A problem with accident investigations
"People do not fail, processes do…"
By Ellis Brasch
Most serious workplace accidents – accidents that happen infrequently but have catastrophic outcomes – are the result of a series of seemingly unrelated events, rarely perceived and never controlled or constrained. Such events persist as part of an organization's daily activities until someone makes a "mistake" – a subtle label for "operator error" or "human error" and the result is a fatality or catastrophe.
The task for investigators is to determine what went wrong. The problem with many accident investigations, however, is that they do not probe deeply enough into those seemingly unrelated events to determine why a fatality or catastrophe happened.
According to safety expert Fred A. Manuele, who has written extensively on the subject, such investigations often identify the technical reasons for an accident rather than addressing underlying causes. Because humans are inevitably connected with these events, it's easy for investigators to identify what the worker did wrong – the so called "operator error" – and call the investigation complete. Manuele argues that's not good enough; identifying technical defects and operator errors may not prevent future accidents and may lead to the belief that the problem is solved.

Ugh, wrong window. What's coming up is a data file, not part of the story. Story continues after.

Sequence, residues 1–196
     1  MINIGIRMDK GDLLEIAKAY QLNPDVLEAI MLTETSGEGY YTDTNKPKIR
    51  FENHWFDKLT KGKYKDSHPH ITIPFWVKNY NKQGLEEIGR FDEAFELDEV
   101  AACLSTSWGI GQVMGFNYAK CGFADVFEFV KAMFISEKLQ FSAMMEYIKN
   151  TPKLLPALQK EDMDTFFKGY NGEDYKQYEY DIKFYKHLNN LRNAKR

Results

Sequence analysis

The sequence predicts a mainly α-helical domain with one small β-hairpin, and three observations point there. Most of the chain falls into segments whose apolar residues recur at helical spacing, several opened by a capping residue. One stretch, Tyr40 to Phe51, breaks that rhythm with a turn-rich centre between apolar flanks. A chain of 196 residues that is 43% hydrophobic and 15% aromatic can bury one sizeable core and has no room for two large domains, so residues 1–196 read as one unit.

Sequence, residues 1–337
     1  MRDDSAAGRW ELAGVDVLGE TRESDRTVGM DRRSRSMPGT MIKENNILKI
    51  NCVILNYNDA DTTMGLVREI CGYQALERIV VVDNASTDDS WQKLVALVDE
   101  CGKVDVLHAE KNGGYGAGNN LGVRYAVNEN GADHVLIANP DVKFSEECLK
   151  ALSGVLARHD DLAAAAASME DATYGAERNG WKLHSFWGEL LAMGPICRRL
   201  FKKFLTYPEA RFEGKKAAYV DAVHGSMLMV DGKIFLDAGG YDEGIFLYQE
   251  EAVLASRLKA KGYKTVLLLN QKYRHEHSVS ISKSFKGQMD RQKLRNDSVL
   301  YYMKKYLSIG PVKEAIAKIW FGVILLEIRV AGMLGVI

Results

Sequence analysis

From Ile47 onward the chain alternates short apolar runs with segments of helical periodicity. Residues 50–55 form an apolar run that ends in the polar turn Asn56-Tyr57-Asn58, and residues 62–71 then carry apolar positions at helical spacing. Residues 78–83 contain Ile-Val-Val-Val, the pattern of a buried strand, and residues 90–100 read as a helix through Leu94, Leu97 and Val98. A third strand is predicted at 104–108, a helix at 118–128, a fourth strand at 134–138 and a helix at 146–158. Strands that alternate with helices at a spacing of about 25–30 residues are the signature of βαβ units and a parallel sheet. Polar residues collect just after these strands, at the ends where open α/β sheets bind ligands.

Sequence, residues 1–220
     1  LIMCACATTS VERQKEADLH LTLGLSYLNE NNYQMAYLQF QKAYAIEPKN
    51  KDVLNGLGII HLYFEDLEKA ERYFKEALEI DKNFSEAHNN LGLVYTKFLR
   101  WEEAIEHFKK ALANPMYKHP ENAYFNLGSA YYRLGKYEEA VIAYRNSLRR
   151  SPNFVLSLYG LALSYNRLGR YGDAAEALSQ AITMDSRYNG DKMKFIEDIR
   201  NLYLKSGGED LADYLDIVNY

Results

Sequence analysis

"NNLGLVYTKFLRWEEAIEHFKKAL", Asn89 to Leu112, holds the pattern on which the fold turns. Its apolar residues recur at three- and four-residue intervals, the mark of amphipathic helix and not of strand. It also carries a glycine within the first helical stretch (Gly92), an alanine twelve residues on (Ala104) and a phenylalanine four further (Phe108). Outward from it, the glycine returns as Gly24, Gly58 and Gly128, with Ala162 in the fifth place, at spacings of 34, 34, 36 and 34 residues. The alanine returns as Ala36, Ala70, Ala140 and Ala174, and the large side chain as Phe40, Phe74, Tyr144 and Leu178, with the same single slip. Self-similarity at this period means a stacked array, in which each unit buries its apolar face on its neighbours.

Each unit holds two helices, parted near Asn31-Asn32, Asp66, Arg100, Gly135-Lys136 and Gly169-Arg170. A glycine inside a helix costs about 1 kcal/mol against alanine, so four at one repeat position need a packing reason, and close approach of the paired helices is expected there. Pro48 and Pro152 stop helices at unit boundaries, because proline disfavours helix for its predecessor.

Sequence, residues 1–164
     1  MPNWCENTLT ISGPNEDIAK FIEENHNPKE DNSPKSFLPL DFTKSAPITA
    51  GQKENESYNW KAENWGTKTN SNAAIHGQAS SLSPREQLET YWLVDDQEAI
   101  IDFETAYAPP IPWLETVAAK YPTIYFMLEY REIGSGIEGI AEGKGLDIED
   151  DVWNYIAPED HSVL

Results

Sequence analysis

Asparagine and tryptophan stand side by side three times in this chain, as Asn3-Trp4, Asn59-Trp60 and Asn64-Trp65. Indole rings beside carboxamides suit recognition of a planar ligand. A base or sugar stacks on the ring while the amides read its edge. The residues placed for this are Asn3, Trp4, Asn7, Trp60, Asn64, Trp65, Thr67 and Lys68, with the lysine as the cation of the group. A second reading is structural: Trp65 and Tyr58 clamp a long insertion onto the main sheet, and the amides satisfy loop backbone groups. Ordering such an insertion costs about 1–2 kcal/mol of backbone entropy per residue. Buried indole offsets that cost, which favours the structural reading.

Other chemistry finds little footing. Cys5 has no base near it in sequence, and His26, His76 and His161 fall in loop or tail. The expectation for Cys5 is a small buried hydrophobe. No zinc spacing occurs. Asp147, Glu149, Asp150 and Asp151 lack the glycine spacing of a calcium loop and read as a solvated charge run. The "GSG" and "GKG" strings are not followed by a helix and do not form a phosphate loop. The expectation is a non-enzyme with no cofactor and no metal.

Operator errors are contributing factors in workplace accidents, but such errors are often linked to latent conditions within an organization as well. Manuele and others have used the term to describe problems such as "poor design, gaps in supervision, undetected manufacturing defects, unworkable procedures, clumsy automation, shortfalls in training, and inadequate tools and equipment," which may be present for years before they "penetrate an organization's defenses." Accident investigations that focus on operator error rarely consider the latent conditions that may have influenced what the operator did wrong.
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